The growth of DTC ad spend – where is the money going?

From 2012 through 2016 direct-to-consumer (DTC) ad spending by pharmaceutical companies grew 64 percent, or $2.5 billion. As budgets in the category expanded, which media reaped the benefits?

TV reigns supreme

The main beneficiary of increased ad spending has been TV. Since 2012 the medium has captured an estimated $2.0 billion or 81% of incremental category ad expenditures. Magazine spending has risen by almost $475 million which is a 19% share of the increment. Digital spending is up about $100 million which exactly offsets a $100 million reduction in radio, newspaper and out-of-home media.

TV now accounts for 63% of all pharmaceutical ad spending, a 10 point gain since 2012. Magazines have lost five share points. Even though magazine dollars have increased, print spending has grown at a slower pace than the total category leaving publishers with a smaller slice of a larger pie.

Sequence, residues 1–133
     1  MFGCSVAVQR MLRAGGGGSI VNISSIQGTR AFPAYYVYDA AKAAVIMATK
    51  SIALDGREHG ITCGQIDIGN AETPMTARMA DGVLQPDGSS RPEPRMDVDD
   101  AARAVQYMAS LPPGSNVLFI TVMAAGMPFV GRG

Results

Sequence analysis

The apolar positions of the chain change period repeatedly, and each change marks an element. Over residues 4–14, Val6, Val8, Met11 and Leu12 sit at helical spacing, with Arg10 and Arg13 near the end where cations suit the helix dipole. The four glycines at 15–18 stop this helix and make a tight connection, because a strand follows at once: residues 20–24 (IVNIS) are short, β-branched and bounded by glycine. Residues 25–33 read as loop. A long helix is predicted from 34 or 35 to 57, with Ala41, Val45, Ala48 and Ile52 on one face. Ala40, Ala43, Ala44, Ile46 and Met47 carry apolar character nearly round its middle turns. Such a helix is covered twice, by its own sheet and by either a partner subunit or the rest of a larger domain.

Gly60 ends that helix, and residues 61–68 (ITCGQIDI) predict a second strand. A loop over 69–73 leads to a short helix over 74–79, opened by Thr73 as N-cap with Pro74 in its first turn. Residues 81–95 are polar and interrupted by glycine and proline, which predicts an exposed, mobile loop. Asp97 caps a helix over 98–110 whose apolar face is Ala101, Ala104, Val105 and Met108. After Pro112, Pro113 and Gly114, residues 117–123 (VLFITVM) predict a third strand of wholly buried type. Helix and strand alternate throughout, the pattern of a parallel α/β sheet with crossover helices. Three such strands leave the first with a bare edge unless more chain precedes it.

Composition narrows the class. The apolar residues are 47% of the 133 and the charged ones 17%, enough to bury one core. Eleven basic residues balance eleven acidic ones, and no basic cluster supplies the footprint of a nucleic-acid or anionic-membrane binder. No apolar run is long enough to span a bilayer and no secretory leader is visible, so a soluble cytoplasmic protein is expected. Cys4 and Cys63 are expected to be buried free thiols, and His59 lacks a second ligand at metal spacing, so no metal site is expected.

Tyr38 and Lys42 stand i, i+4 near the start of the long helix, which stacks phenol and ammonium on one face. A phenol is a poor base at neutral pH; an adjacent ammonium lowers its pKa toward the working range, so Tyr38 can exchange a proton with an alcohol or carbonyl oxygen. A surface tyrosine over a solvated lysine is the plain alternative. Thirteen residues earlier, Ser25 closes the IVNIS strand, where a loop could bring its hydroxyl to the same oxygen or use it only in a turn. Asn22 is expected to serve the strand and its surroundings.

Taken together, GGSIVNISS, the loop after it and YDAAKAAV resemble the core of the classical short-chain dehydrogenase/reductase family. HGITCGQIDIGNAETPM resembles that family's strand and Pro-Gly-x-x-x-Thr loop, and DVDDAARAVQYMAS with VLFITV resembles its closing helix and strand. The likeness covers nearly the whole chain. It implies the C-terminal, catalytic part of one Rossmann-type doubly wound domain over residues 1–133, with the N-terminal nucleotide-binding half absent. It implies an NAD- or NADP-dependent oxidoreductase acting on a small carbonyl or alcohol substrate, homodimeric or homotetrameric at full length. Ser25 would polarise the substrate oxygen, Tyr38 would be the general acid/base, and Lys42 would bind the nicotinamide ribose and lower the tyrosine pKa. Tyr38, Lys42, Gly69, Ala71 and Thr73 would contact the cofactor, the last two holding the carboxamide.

Another way of visualizing the impact of higher DTC spending in TV and magazines is shown in the chart below.

In 2012, the pharmaceutical category accounted for 3.7 percent of all national TV ad spending and 5.1 percent of consumer magazines. Skip ahead to 2016 and these proportions have increased sharply. It’s now 6.7 percent of national TV ad revenue and nearly 9 percent for magazines.

Narrow distribution of new budgets

Even as TV ad spending has swelled, the allocation of money has been very concentrated. In 2016 pharma marketers placed commercials on 84 different broadcast and cable networks – 61 percent of these monies were earmarked to just THREE channels.

On the print side, our monitoring identified 118 different publications with DTC advertising in 2016. The top 8 magazines received 49 percent of all print spending and 23 magazines controlled three-fourths of the aggregate investment.

While pharma advertising has been increasing as a whole, the incremental dollars haven’t been distributed as widely as some media owners may have hoped. A select group has been receiving the majority of the new spend, making ad space on these properties a hot commodity for pharma brands.

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